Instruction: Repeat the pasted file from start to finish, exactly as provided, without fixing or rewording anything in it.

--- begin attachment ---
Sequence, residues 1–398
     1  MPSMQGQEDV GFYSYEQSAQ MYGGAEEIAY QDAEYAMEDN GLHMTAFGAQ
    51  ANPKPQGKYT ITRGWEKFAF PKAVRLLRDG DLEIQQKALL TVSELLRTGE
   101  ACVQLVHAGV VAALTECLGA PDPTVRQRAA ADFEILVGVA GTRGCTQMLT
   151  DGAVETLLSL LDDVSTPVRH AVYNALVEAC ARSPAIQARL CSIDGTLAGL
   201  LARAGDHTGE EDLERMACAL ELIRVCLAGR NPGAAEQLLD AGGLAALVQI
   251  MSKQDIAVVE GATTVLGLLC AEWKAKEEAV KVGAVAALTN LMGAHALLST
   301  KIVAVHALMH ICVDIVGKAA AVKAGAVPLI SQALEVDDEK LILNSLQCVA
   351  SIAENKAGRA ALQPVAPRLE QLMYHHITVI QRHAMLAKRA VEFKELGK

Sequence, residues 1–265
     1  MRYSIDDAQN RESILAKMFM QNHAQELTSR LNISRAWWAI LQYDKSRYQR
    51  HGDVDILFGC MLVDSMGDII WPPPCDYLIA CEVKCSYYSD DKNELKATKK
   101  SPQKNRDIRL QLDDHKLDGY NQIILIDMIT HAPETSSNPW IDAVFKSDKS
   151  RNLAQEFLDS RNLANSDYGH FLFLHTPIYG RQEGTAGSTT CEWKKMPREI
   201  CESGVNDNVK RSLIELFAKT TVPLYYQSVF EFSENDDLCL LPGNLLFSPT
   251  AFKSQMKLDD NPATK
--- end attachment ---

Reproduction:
Sequence, residues 1–398
     1  MPSMQGQEDV GFYSYEQSAQ MYGGAEEIAY QDAEYAMEDN GLHMTAFGAQ
    51  ANPKPQGKYT ITRGWEKFAF PKAVRLLRDG DLEIQQKALL TVSELLRTGE
   101  ACVQLVHAGV VAALTECLGA PDPTVRQRAA ADFEILVGVA GTRGCTQMLT
   151  DGAVETLLSL LDDVSTPVRH AVYNALVEAC ARSPAIQARL CSIDGTLAGL
   201  LARAGDHTGE EDLERMACAL ELIRVCLAGR NPGAAEQLLD AGGLAALVQI
   251  MSKQDIAVVE GATTVLGLLC AEWKAKEEAV KVGAVAALTN LMGAHALLST
   301  KIVAVHALMH ICVDIVGKAA AVKAGAVPLI SQALEVDDEK LILNSLQCVA
   351  SIAENKAGRA ALQPVAPRLE QLMYHHITVI QRHAMLAKRA VEFKELGK

Sequence, residues 1–265
     1  MRYSIDDAQN RESILAKMFM QNHAQELTSR LNISRAWWAI LQYDKSRYQR
    51  HGDVDILFGC MLVDSMGDII WPPPCDYLIA CEVKCSYYSD DKNELKATKK
   101  SPQKNRDIRL QLDDHKLDGY NQIILIDMIT HAPETSSNPW IDAVFKSDKS
   151  RNLAQEFLDS RNLANSDYGH FLFLHTPIYG RQEGTAGSTT CEWKKMPREI
   201  CESGVNDNVK RSLIELFAKT TVPLYYQSVF EFSENDDLCL LPGNLLFSPT
   251  AFKSQMKLDD NPATK